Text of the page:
Zeke, a four-year-old male Amur leopard, moved to the Kansas City Zoo in April. He was a resident at Niabi Zoo since March 2016. Zeke was replaced by Jilin, a one-year-old male Amur leopard from the Brookfield Zoo in Chicago.
Niabi Assistant Zoo Director Tammy Schmidt said moving Zeke and bringing in Jilin was a recommendation by the Species Survival Plan (SSP), a program developed in 1981 to ensure the survival of endangered species.
"We work very closely with the SSP coordinators," Schmidt said. "Jilin came in a few weeks after Zeke moved out; it was like a delicate ballet. We worked with Brookfield and Kansas City (zoos) at the same time. It was fabulous working with the Kansas City Zoo."
The Amur leopard, native to southeastern Russia and northern China, is critically endangered. According to the World Wildlife Fund, only 84 Amur leopards have been confirmed in the wild. There are currently about 200 Amur leopards in captivity around the world.
Schmidt said Jilin was living with his mother and brother at the Brookfield Zoo. While Jilin was in his four-week quarantine after arriving at Niabi, zookeepers freshened up the habitat for him.
"We gave him new logs, added a new outdoor shade shelter and landscaping," Schmidt said. "Once he got here and acclimated to everything, our zookeepers worked with him on behaviors; he picked them up right away.
"I think the hardest part for him was seeing new cats. He had to get used to his new neighbors."
Jilin went on display by May 1.
Cindy Kreider, a mammal biologist at the Toledo Zoo, is an Amur leopard coordinator and studbook keeper with the SSP. Schmidt said Kreider is working to import a female Amur leopard from Europe for the purpose of breeding with Jilin at the Niabi Zoo.
Kreider said the SSP is part of a global management program and works closely with the London Zoo in locating leopards for import from European zoos that will help the genetics of the North American population.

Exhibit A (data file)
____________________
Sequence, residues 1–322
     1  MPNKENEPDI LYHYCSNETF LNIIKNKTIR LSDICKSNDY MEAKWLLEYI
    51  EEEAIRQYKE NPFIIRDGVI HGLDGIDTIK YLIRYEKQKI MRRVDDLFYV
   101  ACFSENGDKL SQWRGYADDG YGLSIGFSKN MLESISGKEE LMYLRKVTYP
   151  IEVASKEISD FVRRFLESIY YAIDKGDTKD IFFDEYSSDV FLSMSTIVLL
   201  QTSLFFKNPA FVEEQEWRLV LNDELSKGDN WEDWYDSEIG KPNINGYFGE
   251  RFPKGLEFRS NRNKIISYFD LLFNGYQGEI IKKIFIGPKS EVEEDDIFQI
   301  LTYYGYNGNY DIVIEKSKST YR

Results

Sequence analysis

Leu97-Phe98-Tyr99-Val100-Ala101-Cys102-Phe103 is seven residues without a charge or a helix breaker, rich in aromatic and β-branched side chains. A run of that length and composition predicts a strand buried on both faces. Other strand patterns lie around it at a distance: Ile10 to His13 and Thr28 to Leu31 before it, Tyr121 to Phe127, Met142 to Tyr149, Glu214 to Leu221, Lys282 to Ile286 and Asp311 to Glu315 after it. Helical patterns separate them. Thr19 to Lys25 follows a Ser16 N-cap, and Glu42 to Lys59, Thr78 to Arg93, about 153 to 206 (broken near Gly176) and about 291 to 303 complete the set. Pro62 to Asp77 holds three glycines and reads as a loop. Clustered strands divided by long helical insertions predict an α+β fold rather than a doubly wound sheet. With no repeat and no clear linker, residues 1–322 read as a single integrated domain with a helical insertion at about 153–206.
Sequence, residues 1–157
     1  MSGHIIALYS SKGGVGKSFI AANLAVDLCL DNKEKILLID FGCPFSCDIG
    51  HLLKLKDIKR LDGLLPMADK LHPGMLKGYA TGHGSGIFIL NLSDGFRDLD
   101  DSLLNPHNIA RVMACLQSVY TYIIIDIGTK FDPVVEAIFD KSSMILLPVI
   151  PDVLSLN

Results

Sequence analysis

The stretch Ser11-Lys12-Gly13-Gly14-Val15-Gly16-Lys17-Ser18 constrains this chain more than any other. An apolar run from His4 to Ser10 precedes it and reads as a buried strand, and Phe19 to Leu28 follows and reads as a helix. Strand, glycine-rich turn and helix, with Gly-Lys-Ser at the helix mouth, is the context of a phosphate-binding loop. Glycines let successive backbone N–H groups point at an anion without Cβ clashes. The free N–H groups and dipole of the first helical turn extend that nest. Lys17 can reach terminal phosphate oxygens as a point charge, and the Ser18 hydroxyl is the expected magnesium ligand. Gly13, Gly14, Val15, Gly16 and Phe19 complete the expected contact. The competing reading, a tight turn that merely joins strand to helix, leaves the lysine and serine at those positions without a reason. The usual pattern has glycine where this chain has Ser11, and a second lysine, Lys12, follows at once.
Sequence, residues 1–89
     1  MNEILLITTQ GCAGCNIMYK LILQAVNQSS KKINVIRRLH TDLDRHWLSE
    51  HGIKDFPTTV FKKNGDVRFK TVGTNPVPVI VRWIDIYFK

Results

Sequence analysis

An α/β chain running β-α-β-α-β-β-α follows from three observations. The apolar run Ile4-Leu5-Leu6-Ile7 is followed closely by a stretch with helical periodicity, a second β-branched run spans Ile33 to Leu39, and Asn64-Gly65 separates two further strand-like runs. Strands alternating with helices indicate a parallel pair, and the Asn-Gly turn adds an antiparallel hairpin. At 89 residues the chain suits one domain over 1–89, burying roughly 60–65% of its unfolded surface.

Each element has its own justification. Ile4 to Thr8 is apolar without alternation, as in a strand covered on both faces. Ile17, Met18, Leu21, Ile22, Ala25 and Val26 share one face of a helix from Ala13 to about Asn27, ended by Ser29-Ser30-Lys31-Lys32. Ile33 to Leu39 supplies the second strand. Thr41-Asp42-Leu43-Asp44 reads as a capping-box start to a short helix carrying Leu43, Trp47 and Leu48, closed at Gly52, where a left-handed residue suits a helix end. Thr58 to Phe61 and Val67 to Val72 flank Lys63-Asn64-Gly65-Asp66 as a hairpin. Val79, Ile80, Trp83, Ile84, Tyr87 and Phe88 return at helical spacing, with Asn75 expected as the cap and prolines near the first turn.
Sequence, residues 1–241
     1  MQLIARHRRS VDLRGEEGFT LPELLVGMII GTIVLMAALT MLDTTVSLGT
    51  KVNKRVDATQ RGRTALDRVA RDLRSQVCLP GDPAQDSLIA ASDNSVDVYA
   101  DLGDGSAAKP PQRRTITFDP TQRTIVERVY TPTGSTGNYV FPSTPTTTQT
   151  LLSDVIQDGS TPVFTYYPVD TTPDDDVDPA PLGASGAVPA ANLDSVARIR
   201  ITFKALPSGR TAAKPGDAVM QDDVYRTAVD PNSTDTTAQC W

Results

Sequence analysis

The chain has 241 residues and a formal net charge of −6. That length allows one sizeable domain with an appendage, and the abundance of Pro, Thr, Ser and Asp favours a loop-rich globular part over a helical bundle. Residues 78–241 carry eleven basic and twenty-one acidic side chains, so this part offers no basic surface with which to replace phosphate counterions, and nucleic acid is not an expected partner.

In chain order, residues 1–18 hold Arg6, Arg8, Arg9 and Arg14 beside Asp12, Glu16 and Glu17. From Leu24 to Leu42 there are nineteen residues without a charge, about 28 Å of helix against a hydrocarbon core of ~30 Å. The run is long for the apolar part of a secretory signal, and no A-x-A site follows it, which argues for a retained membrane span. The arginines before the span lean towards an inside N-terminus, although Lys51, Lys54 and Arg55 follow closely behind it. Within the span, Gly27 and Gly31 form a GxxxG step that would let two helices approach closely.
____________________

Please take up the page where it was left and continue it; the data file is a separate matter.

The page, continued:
"The importation process is a lengthy one, taking many months to complete the paperwork and be approved," Kreider said. "It will likely be close to a year before the female will arrive. Introduction procedures will then take place between the two leopards until they are comfortable with each other.
"It is a long process, but hopefully the end result will be Niabi Zoo having Amur leopard cubs born and contributing to a program whose mission is to save these beautiful cats from extinction," Kreider said. "Genetics are carefully analyzed to determine the best pairing for each animal in order to ensure healthy offspring."
Kreider said Zeke was transferred to Brookfield Zoo "for an educational exhibit only, which also is an important role in the SSP. It educates visitors to the conservation efforts of AZA (Association of Zoos & Aquariums) zoos that not only manage a healthy zoo population, but the support they give to projects in Russia and China that monitor and protect the wild population."
Schmidt said there are 86 Amur Leopards in the SSP population.
"When it is an SSP recommended move, typically there is no money involved," she said.
"Jilin is doing fantastic. We are so lucky in our profession."
Niabi Zoo is open daily from 10 a.m. to 5 p.m. until the end of October.
For more information, visit niabizoo.com.